Friday, July 15, 2005

New 'Dutch disease' has lessons for U.S. housing

Interesting story on the Reuters wire. Looks like a soft landing for the Dutch market has translated into a country full of penny pinchers. In other words, since their homes aren't appreciating by tens of thousands of dollars every few months, consumers don't feel so confident anymore and have cut back their spending so dramatically that the economy is on the brink of recession. Worth a look:
AMSTERDAM (Reuters) - U.S. and British policy makers concerned about house prices falling need only look at the Netherlands to see how even a soft landing can dampen growth.

With the Dutch economy in the fifth year of a slowdown, persistently low consumer spending led the daily Volkskrant to diagnose a "new Dutch disease," and the NRC Handelsblad said the economy was "hostage to the housing market."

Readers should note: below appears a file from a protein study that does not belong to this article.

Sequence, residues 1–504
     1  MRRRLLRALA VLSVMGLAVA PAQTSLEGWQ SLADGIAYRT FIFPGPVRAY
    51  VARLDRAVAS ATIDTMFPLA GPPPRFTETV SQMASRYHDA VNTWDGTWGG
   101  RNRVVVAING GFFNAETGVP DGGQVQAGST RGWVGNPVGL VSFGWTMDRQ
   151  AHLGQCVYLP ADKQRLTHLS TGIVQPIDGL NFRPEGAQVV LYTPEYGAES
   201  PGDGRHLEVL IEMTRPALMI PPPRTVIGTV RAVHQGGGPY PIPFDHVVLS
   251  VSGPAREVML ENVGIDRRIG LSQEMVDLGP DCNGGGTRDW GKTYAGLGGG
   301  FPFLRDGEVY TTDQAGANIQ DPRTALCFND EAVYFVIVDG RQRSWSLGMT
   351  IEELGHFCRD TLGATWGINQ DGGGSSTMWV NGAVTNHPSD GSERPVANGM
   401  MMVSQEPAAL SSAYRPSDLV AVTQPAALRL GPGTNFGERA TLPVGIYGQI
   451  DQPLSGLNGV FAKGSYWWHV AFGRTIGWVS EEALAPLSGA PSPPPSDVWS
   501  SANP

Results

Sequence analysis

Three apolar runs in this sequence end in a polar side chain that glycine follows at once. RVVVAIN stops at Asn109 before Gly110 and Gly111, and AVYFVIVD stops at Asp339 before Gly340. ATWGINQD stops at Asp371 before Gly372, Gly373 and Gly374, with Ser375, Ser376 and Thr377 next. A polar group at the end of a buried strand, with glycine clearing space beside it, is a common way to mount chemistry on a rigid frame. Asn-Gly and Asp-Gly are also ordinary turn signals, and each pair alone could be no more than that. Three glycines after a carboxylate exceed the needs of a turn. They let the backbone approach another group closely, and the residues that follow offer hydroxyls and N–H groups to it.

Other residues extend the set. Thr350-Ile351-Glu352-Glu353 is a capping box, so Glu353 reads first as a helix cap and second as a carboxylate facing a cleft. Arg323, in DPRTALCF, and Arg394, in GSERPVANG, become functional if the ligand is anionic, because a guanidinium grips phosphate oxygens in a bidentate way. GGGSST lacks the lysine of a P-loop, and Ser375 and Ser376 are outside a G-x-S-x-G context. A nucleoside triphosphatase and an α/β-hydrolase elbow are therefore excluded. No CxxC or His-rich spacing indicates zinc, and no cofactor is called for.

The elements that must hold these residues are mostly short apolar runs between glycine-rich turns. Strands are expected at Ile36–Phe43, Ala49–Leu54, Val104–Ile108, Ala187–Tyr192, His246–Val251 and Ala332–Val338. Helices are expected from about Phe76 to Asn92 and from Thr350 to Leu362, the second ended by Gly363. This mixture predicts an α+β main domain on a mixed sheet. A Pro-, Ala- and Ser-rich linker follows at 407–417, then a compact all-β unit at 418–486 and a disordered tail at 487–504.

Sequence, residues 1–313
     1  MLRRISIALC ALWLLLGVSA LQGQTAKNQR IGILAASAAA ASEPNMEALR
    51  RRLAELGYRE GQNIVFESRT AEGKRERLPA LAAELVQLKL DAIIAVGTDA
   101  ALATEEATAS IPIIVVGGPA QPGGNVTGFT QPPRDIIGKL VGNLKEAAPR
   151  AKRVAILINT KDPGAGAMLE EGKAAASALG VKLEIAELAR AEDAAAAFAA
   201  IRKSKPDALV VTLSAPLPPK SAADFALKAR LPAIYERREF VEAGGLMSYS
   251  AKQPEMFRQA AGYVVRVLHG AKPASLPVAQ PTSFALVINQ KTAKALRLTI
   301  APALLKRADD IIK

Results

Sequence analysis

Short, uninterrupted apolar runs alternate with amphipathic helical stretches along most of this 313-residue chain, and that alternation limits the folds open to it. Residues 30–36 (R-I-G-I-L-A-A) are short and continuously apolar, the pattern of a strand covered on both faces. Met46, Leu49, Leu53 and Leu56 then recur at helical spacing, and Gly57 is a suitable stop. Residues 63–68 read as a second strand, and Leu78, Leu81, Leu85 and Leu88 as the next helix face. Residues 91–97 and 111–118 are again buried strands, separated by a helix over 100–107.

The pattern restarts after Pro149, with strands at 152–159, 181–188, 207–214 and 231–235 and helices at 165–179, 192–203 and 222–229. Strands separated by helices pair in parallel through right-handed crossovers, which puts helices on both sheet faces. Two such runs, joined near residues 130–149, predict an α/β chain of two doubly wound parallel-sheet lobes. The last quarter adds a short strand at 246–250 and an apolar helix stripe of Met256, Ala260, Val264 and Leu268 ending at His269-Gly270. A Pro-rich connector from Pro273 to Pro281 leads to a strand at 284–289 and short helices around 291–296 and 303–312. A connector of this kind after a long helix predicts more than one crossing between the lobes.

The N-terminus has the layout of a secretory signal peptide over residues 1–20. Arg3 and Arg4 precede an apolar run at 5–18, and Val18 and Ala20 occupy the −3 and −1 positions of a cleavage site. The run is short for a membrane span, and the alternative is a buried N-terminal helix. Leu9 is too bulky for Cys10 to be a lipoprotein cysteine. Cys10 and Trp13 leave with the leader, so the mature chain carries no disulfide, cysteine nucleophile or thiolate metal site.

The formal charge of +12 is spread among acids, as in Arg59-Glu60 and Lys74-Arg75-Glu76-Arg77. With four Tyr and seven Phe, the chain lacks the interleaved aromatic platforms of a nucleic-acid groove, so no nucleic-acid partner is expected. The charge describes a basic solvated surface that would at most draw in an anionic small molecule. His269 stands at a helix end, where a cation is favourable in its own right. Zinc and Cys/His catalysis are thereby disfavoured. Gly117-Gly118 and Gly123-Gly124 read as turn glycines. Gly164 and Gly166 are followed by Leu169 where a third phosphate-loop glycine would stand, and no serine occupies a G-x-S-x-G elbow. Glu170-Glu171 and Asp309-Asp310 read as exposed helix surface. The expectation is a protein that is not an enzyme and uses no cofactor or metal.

For the second time in two years, the economy is on the brink of recession, with gross domestic product shrinking 0.8 percent in the first quarter compared to the final quarter of 2004, when growth was flat, and the outlook gloomy.

"People don't feel that they are automatically getting richer any more," ABN AMRO economist Charles Kalshoven said, adding Dutch welfare reforms had also created uncertainty, another reason for people consuming less and saving more.

The term "Dutch disease" refers to the 1960s, when the discovery of natural gas in the Netherlands led to a sharp rise in exports, driving up the currency and hurting export-oriented manufacturers.